Dr. Martin's notes

Monday December 12, 2016

Minerals and trace products

Small amounts of some minerals are found in foods. For instance, red meat, such as beef, is a good source of iron. Just like vitamins, minerals help your body grow, develop, and stay healthy. The body uses minerals to perform many different functions - from building bones to transmitting nerve impulses. Some minerals are even used to make hormones or maintain a normal heartbeat.

Minerals are generally classified as:
* Major or Macro Minerals are often referred to as essential minerals required in amounts of 100 mg or more per day. These are: calcium, chloride, magnesium, phosphorus, potassium, sodium, and sulfur.

* Micro or Trace Minerals are usually required in amounts less than 100 mg per day. These are: chromium, cobalt, copper, fluoride, iodine, iron, manganese, molybdenum, selenium, and zinc.

* Ultra Trace Minerals are those that are probably essential but are required only in minute amounts (less than 1 mg per day) and usually can be adequately supplied in the diet without added supplementation. These include: arsenic, boron, bromine, cadmium, lead, lithium, nickel, silicon, tin, vanadium.

Macro means "large" in Greek (and your body needs larger amounts of macrominerals than trace minerals). The macromineral group is made up of calcium, phosphorus, magnesium, sodium, potassium, chloride, and sulfur.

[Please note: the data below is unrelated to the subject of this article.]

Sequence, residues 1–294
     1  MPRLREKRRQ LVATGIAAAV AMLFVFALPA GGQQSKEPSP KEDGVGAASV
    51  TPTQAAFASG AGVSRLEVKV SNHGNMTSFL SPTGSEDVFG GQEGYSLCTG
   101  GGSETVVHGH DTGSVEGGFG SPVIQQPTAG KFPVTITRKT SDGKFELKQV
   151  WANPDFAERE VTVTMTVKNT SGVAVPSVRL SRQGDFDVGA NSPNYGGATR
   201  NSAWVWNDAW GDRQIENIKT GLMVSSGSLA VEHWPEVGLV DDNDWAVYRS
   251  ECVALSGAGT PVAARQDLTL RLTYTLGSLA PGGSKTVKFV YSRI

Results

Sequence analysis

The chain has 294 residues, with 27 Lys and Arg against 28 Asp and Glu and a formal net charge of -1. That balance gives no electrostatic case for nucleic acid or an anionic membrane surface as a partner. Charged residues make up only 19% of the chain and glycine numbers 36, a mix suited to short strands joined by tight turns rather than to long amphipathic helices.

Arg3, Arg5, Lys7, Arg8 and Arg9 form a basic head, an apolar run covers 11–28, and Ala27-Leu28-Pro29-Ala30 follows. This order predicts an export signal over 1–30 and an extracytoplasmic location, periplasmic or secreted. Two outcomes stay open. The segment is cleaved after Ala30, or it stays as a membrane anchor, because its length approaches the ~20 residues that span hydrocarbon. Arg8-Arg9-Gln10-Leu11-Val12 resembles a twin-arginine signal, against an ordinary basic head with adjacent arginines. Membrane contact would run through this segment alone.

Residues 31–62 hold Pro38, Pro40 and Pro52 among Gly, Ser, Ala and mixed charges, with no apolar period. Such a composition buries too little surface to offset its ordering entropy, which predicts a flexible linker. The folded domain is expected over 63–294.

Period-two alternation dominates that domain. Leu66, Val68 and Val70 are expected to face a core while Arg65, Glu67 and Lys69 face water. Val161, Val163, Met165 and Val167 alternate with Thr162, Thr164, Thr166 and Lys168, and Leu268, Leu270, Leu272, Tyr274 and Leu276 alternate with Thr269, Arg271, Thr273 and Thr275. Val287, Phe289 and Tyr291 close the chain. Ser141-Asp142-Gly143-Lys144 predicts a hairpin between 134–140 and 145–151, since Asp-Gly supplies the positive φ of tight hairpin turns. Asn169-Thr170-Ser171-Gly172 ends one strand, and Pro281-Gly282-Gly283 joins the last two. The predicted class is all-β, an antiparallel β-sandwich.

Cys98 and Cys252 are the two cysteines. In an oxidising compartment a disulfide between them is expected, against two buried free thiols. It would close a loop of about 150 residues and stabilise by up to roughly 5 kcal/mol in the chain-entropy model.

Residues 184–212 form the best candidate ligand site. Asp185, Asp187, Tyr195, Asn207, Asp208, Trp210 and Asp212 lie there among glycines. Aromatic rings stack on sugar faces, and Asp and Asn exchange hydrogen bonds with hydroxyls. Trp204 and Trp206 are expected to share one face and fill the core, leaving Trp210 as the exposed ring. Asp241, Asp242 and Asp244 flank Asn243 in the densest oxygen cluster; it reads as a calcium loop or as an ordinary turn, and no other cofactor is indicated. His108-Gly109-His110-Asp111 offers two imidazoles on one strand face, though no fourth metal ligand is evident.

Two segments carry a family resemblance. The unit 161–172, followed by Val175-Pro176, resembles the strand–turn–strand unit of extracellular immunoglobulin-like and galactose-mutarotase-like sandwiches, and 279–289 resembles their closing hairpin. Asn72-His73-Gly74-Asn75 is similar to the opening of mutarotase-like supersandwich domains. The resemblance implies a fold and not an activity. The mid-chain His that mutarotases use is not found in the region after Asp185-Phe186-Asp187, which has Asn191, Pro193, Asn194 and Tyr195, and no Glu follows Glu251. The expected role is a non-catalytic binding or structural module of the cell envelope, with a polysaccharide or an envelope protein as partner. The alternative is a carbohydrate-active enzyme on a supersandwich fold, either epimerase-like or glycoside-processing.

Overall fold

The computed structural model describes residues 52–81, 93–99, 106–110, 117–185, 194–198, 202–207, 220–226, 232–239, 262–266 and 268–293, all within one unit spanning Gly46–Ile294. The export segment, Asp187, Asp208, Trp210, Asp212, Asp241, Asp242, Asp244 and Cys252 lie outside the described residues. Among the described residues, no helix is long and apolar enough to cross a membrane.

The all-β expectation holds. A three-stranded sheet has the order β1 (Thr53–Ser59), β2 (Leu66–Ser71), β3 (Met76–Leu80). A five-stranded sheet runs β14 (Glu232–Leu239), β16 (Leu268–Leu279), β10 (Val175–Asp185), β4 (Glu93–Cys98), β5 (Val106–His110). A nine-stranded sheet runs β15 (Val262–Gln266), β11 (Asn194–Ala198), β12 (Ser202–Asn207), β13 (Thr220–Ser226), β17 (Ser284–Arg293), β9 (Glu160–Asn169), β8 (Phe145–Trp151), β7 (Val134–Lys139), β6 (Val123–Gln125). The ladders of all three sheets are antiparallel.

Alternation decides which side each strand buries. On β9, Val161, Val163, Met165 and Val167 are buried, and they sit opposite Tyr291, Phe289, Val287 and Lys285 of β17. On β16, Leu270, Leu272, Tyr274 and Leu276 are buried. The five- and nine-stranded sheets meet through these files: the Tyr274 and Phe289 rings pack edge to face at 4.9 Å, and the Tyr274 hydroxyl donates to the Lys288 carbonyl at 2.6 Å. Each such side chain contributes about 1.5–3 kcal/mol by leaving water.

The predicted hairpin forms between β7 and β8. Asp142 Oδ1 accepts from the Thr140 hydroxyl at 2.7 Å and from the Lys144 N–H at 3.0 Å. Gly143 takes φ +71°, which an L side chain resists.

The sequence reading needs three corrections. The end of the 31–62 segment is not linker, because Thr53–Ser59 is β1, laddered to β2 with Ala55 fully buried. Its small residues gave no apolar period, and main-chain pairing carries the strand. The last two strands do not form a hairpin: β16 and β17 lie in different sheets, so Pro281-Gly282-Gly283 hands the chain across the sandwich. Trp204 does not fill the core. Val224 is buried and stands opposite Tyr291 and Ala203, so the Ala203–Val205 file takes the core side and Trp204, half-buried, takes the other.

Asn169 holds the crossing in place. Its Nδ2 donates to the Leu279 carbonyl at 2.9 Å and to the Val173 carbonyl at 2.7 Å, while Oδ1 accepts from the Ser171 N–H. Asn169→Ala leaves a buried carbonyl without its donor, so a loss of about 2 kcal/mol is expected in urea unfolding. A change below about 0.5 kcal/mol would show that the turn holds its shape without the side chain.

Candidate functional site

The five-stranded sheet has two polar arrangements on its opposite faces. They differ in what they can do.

A trace of something means that there is only a little of it. So even though your body needs trace minerals, it needs just a tiny bit of each one. Scientists aren't even sure how much of these minerals you need each day. Trace minerals includes iron, manganese, copper, iodine, zinc, cobalt, fluoride, and selenium.

Calcium is the top macromineral when it comes to your bones. This mineral helps build strong bones, so you can do everything from standing up straight to scoring that winning goal. It also helps build strong, healthy teeth, for chomping on tasty food.
Foods rich in calcium
* dairy products, such as milk, cheese, and yogurt
* canned salmon and sardines with bones
* leafy green vegetables, such as broccoli
* calcium-fortified foods - from orange juice to cereals and crackers

Iron
The body needs iron to transport oxygen from your lungs to the rest of your body. Your entire body needs oxygen to stay healthy and alive. Iron helps because it's important in the formation of hemoglobin.
Foods rich in iron
* meat, especially red meat, such as beef
* tuna and salmon
* eggs
* beans
* baked potato with skins
* dried fruits, like raisins
* leafy green vegetables, such as broccoli
* whole and enriched grains, like wheat or oats

Potassium keeps your muscles and nervous system working properly. Potassium helps make sure the amount of water is just right.
Foods rich in potassium
* bananas
* broccoli
* tomatoes
* potatoes with skins
* leafy green vegetables, such as broccoli
* citrus fruits, like oranges
* dried fruits
* legumes, such as beans, peas, lentils, and peanuts

Zinc helps your immune system. It also helps with cell growth and helps heal wounds, such as cuts.
Foods rich in zinc
* beef
* pork
* lamb
* legumes, such as beans, peas, lentils, and peanuts
When people don't get enough of these important minerals, they can have health problems. For instance, too little calcium - especially when you're a kid - can lead to weaker bones. Some kids may take mineral supplements, but most kids don't need them if they eat a nutritious diet.